Will Assembly members be paid? 

Assembly members are making a significant commitment of their time and energy to participate in the Assembly and will be given a gift of thanks of £200 for their attendance at each weekend. As well as demonstrating that the participation and engagement of the members is valued, conclusions from the What Works Scotland Evidence Review (2018) show that financial incentives like this go a long way in supporting traditionally under-represented groups to participate (e.g. those on low incomes, younger people, single parents, and those with caring responsibilities.)  It also encourages people not intrinsically motivated by the issues to attend and helps to prevent last-minute non-attendance which could affect the representativeness of the Assembly.


How can others be involved in this important discussion about Scotland’s future?

The work of the Assembly will be open and transparent.  We are considering the best way to involve the wider public.


Are the Assembly proceedings going to be open to the press and public?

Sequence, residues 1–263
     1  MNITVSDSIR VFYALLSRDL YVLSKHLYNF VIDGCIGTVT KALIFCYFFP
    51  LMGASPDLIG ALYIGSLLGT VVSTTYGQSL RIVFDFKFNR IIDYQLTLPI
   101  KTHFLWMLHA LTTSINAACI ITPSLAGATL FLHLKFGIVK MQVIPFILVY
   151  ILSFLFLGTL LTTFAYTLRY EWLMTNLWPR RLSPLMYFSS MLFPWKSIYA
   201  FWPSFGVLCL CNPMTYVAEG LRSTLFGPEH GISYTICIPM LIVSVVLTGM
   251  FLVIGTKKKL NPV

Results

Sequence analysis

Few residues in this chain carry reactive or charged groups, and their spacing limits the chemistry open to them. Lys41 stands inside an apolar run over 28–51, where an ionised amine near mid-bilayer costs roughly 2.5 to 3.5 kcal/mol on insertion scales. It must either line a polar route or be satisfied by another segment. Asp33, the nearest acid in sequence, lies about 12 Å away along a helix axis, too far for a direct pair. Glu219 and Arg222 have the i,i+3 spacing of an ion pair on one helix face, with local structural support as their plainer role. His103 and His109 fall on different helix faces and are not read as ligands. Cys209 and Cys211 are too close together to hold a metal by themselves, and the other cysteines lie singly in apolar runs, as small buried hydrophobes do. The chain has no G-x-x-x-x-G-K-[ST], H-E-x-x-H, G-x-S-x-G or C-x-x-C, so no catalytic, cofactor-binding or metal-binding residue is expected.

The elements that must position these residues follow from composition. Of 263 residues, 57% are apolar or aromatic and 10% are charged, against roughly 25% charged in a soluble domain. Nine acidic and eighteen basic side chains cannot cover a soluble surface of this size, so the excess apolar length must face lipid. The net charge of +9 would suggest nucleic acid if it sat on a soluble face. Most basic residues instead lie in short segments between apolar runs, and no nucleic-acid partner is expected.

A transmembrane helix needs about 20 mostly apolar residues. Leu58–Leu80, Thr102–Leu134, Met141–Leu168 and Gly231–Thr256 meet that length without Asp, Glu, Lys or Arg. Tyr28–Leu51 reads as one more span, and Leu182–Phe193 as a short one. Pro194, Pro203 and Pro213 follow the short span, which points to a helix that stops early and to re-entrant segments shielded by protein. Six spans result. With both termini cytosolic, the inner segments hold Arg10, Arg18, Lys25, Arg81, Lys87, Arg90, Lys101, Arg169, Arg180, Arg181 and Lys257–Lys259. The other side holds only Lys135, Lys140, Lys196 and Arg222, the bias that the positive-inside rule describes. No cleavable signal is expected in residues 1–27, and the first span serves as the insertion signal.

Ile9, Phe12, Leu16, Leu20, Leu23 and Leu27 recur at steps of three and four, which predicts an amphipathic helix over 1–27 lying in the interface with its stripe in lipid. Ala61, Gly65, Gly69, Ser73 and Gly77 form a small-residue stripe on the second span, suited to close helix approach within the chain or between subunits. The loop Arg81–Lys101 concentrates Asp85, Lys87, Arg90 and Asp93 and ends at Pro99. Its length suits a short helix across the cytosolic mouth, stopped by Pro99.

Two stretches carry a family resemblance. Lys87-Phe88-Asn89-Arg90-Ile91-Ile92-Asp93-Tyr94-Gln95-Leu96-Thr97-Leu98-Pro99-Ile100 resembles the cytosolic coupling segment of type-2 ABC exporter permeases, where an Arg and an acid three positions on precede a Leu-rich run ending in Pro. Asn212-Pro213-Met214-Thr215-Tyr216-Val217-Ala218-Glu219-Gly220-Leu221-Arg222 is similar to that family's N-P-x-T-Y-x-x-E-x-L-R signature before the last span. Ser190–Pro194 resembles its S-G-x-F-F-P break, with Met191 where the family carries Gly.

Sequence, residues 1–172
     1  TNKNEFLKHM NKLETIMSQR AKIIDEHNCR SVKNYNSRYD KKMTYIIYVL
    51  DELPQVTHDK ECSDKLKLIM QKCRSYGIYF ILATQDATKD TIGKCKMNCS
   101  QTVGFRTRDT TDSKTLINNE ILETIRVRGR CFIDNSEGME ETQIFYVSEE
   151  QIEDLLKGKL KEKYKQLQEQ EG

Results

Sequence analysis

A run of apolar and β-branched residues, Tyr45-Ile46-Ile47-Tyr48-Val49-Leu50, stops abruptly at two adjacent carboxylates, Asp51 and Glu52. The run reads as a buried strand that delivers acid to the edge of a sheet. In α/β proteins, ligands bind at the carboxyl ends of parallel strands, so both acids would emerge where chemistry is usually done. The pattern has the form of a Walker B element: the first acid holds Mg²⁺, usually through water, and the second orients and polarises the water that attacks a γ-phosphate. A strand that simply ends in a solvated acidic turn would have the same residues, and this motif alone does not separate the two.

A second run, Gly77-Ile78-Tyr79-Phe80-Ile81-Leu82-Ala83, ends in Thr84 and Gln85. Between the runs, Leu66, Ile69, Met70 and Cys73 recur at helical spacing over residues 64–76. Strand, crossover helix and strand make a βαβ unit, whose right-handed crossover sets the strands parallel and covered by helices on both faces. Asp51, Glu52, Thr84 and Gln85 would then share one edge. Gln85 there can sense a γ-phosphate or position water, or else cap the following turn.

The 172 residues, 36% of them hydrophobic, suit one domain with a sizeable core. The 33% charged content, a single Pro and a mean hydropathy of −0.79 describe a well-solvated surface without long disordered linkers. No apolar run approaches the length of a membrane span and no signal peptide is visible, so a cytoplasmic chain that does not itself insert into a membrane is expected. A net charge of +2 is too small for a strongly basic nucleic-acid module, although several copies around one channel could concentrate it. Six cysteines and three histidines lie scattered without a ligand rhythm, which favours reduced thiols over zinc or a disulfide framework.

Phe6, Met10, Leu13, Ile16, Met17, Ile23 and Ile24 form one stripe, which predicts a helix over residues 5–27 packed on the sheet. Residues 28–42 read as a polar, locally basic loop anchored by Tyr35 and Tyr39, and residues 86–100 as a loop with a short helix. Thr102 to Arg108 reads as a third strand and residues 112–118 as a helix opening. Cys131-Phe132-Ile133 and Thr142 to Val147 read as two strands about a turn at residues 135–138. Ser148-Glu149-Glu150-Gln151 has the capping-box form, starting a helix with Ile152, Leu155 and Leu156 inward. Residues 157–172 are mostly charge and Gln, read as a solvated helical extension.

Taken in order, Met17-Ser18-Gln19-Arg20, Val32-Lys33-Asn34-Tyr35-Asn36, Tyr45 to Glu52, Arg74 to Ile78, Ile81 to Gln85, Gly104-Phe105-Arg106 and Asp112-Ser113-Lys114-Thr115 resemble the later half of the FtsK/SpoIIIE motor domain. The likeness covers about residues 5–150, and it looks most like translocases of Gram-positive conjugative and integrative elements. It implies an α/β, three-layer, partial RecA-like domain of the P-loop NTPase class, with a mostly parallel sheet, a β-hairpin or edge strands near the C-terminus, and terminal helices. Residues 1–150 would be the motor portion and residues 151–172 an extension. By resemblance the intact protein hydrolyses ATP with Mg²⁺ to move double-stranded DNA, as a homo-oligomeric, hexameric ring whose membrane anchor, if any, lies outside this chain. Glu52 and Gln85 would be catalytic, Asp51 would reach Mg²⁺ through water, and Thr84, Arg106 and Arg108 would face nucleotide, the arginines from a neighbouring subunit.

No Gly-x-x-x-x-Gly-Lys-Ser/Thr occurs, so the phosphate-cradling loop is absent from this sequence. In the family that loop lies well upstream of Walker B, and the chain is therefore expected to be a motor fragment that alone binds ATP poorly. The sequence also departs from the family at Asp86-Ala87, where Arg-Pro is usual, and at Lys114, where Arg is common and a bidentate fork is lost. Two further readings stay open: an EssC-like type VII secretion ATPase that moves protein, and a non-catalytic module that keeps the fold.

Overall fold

Decisions are yet to be made about exactly how the Assembly will operate, and some of these will be made by the Assembly members themselves when they first meet.  A commitment has already been made in the principles published on this website that the operation of the Assembly will be open and transparent, and that all evidence sessions will be livestreamed. Future decisions about access for observers and the media will need to be made in a way that balances the need to enable free and frank discussion between members, protect the privacy of participants and the legitimate interests of the public in the work they are undertaking.


What is the timetable for the Assembly?

The first meeting will be held in Edinburgh over Saturday 26 October and Sunday 27 October.  The next five meetings will take place in Glasgow over the weekends of 29 November to 1 December, 17 to 19 January, 21 to 23 February, 27 to 29 March and 24 to 26 April.